Peggy Noonan pens a reflection in the WSJ on the passing of Margaret Thatcher to which anyone who has been to the funeral of a notable figure can relate:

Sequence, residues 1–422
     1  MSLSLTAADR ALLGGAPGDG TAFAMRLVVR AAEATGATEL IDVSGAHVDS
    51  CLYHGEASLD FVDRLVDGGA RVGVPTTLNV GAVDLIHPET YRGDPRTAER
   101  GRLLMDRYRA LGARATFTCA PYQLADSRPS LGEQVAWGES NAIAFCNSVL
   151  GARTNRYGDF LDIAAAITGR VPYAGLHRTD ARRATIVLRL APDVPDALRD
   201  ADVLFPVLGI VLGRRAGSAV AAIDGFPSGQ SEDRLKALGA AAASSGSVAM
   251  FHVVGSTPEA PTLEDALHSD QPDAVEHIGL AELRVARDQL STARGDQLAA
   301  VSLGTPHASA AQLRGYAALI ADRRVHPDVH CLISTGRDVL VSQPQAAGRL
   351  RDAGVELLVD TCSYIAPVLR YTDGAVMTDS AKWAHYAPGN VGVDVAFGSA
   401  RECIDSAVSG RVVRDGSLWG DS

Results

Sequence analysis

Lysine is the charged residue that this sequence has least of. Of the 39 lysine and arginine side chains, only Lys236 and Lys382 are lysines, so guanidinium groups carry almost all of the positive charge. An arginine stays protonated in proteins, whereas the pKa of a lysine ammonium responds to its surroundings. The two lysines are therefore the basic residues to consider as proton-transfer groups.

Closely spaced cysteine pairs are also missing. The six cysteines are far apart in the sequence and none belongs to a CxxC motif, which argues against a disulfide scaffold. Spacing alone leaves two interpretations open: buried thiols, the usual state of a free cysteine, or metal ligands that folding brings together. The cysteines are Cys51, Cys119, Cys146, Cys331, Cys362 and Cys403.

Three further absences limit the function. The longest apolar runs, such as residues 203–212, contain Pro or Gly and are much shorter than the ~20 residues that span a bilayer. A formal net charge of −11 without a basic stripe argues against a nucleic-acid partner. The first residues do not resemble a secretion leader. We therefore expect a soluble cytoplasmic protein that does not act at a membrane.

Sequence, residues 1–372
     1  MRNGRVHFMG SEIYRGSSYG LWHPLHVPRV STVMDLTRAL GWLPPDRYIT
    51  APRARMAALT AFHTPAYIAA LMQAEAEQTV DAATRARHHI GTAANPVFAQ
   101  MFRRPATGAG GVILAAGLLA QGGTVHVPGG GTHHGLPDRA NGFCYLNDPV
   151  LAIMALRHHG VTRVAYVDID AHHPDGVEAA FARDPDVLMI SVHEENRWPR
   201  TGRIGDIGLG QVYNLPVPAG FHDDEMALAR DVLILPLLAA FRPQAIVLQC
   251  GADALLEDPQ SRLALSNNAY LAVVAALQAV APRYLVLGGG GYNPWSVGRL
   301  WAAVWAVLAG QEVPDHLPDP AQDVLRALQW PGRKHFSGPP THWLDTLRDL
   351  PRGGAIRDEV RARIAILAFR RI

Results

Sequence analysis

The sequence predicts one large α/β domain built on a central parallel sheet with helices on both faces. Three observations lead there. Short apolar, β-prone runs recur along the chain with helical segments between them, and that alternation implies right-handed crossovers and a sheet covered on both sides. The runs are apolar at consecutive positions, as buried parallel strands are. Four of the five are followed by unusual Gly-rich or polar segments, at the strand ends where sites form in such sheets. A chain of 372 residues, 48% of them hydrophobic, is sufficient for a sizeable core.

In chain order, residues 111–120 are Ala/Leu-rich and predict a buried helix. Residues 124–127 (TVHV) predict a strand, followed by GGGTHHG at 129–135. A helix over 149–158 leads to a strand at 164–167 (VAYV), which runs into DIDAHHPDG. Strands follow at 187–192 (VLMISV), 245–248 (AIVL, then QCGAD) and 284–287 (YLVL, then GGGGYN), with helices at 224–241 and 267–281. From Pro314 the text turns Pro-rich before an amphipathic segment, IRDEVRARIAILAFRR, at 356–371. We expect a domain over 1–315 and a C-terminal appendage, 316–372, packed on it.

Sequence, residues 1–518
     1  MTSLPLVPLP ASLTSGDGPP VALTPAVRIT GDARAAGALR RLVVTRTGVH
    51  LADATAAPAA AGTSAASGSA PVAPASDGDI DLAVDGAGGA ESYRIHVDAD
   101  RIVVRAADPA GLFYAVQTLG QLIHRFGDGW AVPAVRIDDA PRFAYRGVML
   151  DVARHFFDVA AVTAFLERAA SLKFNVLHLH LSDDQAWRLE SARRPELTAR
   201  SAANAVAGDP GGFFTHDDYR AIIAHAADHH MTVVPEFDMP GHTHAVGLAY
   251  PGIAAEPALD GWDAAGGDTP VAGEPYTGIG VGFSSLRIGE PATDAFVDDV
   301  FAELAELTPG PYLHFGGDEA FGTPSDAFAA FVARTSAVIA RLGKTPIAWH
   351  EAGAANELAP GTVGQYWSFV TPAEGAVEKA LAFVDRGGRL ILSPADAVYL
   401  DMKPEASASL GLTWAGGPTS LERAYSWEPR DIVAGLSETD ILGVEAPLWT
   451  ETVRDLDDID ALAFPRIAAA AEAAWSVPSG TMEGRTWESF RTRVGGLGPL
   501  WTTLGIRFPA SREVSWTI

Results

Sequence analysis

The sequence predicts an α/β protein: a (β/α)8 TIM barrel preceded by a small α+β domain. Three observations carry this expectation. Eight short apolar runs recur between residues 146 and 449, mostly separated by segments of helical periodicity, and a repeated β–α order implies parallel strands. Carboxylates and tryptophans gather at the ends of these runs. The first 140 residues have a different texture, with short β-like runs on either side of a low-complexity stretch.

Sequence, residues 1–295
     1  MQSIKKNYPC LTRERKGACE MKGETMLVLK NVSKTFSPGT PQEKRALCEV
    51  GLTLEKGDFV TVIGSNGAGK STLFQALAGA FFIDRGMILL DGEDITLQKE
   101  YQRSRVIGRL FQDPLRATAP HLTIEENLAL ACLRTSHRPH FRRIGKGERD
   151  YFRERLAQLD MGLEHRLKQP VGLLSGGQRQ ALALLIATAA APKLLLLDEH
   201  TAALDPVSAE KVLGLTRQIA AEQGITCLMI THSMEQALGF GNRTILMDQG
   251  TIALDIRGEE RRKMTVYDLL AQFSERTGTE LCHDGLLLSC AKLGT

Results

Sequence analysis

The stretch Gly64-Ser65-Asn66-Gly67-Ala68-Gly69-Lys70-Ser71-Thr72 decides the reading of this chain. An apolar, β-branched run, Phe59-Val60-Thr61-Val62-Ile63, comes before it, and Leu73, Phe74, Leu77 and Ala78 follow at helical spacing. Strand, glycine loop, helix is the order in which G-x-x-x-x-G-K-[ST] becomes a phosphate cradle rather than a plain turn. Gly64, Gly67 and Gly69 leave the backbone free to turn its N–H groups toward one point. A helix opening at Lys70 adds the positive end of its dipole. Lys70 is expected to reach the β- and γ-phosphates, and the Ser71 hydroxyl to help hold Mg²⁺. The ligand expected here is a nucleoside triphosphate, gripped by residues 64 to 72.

Thatcher’s funeral was striking in that it was not, actually, about her. It was about what she thought it important for the mourners to know. The readings were about the fact of God, the gift of Christ, and the necessity of loving your country and working for its betterment. There were no long eulogies. In a friendly and relatively brief address, the bishop of London lauded her kindness and character. No funeral of an American leader would ever be like that: The dead American would be the star, with God in the position of yet another mourner who’d miss his leadership.

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